I am co-teaching a course on Advanced Historical Linguistics with my good friend and colleague and collaborator Richard Janda. Rich will teach the first two weeks and I will teach the last two weeks. In my part, I plan to cover the question of whether there is grammatical conditioning of sound change (I think not, but we will examine the matter closely) and the extent to which there is predictable directionality in grammatical change.

4. What research are you currently working on?

I have been doing fieldwork in southern Albania on the Greek of Greek-speaking enclaves in the region and that takes up a fair portion of my research time (see for some relevant information). I am also involved in a project called the Herodotos Project, aiming to develop first a comprehensive catalogue of peoples and groups mentioned in ancient Latin and Greek sources and then a database with as much information on each group as can be amassed; the first part has involved me in the computational linguistic issue of Named Entity Recognition (NER) and the development of an NER system for Latin and for Greek ((see for details on the project). I am also finishing up a long-overdue book (some 20 years in the making!) with Victor Friedman on the Balkan languages, to be published in 2019 by Cambridge University Press.

5. What is your favorite hobby or pastime?

Despite misgivings over the obscene amounts of money involved in big-time college sports, I really do enjoy watching and following college football, especially my beloved Buckeyes! College basketball is a close second.

6. In a parallel universe in which you are not an academic/linguist, what would you be?

A professional basketball player!

7. What are you most looking forward to about Davis?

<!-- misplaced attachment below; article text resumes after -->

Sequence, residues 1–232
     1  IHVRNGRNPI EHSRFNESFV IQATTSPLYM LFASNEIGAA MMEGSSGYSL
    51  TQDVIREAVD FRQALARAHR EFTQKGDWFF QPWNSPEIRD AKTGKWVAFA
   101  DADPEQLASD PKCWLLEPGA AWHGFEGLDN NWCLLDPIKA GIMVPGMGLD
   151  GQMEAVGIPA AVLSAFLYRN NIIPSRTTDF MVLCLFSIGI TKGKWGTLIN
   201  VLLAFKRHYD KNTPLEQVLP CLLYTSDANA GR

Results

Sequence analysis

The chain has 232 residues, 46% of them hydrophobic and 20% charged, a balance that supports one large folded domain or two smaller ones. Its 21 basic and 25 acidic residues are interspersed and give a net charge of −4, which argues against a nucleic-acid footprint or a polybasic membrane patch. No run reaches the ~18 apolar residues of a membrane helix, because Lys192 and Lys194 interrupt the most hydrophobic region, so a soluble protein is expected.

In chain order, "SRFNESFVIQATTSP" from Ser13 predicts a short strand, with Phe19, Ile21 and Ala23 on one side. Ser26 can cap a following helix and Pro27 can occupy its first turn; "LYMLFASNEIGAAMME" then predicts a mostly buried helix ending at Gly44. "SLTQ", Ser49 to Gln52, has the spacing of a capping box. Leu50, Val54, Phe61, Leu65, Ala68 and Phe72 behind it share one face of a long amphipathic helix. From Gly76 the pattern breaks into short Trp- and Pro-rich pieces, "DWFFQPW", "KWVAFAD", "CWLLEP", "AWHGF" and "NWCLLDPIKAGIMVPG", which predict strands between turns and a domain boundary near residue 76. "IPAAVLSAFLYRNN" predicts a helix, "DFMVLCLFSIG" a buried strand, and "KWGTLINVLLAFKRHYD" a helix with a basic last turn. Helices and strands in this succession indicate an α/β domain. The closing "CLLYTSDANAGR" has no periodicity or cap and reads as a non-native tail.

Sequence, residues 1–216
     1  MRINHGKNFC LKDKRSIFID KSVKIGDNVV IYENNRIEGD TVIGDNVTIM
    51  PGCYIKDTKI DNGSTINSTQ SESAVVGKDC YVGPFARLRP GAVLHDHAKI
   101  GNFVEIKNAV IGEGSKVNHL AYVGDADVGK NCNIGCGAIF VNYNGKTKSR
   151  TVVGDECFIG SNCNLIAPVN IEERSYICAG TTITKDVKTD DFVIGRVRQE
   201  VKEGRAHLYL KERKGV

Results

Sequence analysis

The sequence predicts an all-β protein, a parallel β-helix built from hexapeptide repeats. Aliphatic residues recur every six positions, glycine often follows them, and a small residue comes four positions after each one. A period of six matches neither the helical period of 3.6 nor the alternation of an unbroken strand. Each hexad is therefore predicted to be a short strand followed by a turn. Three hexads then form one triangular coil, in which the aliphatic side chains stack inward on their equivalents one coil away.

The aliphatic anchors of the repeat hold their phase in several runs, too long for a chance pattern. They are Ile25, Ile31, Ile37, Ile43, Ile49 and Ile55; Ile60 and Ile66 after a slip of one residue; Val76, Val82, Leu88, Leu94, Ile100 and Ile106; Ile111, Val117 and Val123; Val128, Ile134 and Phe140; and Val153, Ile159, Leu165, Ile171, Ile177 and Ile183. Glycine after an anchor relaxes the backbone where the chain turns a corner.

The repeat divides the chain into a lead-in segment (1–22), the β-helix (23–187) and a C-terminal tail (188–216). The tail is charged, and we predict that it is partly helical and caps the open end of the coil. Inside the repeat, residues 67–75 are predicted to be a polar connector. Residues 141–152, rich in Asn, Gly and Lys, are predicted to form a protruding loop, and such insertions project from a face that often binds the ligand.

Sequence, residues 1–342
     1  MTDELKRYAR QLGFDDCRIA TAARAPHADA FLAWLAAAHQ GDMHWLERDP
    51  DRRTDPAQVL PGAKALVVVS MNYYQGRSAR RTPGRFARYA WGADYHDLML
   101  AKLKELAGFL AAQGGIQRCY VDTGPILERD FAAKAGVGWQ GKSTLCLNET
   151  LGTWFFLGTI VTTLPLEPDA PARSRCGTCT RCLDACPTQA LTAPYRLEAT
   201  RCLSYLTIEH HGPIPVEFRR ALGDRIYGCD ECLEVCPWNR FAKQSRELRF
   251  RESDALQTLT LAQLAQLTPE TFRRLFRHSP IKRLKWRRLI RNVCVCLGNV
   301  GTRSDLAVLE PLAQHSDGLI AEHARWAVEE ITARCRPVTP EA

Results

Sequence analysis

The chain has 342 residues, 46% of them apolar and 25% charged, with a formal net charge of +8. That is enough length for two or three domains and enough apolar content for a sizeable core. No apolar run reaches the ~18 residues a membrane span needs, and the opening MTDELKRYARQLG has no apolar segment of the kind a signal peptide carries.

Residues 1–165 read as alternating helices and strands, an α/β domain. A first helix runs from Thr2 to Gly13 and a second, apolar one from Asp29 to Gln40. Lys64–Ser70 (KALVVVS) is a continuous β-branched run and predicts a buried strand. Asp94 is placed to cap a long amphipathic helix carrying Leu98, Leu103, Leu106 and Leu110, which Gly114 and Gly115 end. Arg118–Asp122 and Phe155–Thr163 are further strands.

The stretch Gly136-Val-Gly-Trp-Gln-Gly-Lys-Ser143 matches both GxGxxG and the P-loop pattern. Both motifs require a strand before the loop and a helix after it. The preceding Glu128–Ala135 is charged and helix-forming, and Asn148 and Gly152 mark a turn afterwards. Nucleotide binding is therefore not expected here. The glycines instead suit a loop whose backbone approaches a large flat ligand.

Linguistic Institutes are terrific opportunities to hang out with interesting and generally like-minded people, to extend one’s range of expertise and exposure to the field, and to bask in the glory of our discipline. I have taught at 6 Institutes (1991, 1993, 1999, 2003, 2015, 2017) and ran the 1993 Institute and have thoroughly enjoyed every experience. I guess I am most looking forward to more of the same!

8. Ice cream or Cake? Cats or Dogs? Quarter system or Semester system?

I’ve got to watch my intake of both ice cream and cake these days for health reasons, but my wife’s super chocolate cake is my absolute favorite. I am not a big animal person but we have had cats for over 30 years and they have grown on me, and we have cared for our older son’s dog a few summers and that was pretty enjoyable, having her around the house. I have taught under both the quarter and the semester systems and they each have their advantages and disadvantages – not sure which I prefer. I realize these are all very politic answers, but you asked for difficult choices I was not prepared to make definitively.

9. What advice would you give to graduate students interested in pursuing a career in linguistics?

Go to a Linguistic Institute – it will be a (trans)formative experience for you, for sure!

We here at Davis agree with Professor Joseph’s advice, join us at the LSA Institute and check out Brian and Rich Janda’s Advanced Historical Linguistics course! You can read more about Brian’s work here.